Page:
Update: Somewhat as expected, after the hysteria if the last few days, CNN reports that Federal Judge Robert Lasnik - an Obama appointee - issued a temporary restraining order on Tuesday "blocking (the) federal government from allowing distribution of downloadable 3D printed" guns, according to a tweet from the Washington State Office of the Attorney General.
"The judge's rule is clear," Washington Attorney General Bob Ferguson said at a news conference. "We go back to the status quo, before the federal government made the disastrous decision to undo these protections for public safety."
"Disastrous decision", "reckless" - once again the hysterical reactions from the left spew forth, but as spokeswoman Brionna Aho notes, the judge's ruling does not order Defense Distribution to take the plans for the guns off their website, but keeping them up is again illegal.
"The effect is restoring the status quo before the government took action but (the judge) hasn't technically ruled on the lawfulness of the government action yet."
Defense Distributed founder Cody Wilson said the site has disabled downloads until he reviews the order.
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President Trump appeared to voice his opposition to 3-D printed guns being sold to the public, in a tweet this morning, saying that he had already spoken to the National Rifle Association about the issue and that it did not appear to make much sense...
I am looking into 3-D Plastic Guns being sold to the public. Already spoke to NRA, doesn’t seem to make much sense!— Donald J. Trump (@realDonaldTrump) July 31, 2018
As The Daily Caller notes, the issue of 3-D printed guns has reached a fever pitch in recent days after a Texas non-profit organization won the right to post the plans for such weapons online for public consumption.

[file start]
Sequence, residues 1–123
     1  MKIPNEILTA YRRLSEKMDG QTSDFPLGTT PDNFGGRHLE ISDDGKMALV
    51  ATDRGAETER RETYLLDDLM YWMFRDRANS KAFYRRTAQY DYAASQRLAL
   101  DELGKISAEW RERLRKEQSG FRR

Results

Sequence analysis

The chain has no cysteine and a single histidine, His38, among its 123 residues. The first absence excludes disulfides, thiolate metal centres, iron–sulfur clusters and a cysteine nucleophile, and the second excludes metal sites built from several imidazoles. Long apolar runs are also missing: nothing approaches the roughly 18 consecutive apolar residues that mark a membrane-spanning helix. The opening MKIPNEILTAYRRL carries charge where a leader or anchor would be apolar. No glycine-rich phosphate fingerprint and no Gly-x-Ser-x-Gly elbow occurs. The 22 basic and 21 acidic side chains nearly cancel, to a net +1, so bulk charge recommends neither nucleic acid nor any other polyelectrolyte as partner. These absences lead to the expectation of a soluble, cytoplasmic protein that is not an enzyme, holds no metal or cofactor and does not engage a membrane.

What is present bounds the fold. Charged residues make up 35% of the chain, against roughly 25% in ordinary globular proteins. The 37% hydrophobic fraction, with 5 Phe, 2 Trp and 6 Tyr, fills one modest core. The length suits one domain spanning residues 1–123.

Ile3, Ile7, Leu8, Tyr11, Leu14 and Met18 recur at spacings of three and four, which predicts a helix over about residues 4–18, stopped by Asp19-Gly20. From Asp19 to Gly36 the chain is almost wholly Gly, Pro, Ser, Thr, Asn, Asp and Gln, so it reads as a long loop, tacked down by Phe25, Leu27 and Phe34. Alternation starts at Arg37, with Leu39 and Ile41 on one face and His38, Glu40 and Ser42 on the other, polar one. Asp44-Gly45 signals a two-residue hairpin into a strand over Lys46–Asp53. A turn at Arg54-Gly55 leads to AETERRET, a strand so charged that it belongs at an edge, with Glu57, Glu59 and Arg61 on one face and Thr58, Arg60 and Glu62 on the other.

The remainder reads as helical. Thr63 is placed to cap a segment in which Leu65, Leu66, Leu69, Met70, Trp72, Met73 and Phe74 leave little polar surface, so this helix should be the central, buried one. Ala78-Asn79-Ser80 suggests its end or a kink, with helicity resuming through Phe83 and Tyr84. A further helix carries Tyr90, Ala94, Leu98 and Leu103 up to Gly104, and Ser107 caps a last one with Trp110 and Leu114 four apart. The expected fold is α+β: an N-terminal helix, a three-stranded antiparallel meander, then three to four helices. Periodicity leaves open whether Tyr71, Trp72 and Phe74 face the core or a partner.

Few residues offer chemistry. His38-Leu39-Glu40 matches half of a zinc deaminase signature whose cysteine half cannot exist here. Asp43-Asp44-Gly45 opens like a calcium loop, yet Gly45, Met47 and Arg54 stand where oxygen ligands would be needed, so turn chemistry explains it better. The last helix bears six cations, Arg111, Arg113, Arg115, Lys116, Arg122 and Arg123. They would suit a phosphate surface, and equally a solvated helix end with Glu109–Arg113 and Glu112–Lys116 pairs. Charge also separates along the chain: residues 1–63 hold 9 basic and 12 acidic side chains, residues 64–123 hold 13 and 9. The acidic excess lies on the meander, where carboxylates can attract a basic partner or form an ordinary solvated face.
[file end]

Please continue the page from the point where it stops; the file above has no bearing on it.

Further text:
The downloadable plans range from rudimentary handguns to rifles similar to an AR-15. The plans can be used by anyone with a 3D printer and minimal outside materials to create an untraceable firearm.
Several states have intervened to ask the Trump administration to federally ban such firearms.
“These downloadable guns are unregistered and very difficult to detect, even with metal detectors, and will be available to anyone regardless of age, mental health or criminal history. If the Trump Administration won’t keep us safe, we will," said Washington State Attorney General Bob Ferguson (D), who represents one of the eight states suing the Trump administration.
The fight over 3-D printed guns stems back to 2013 when the U.S. Department of State banned the Texas non-profit from posting plans for such firearms online because it was in violation of export control trade practices.
The non-profit argued that the ban stifled its freedom of speech and eventually forced the government to back down. The plans will be posted online Aug. 1.
Your administration approved this. What kind of incompetence and dangerous governing is this?— Chuck Schumer (@SenSchumer) July 31, 2018
And to check with the NRA? Holy moly. https://t.co/MyctYPoci0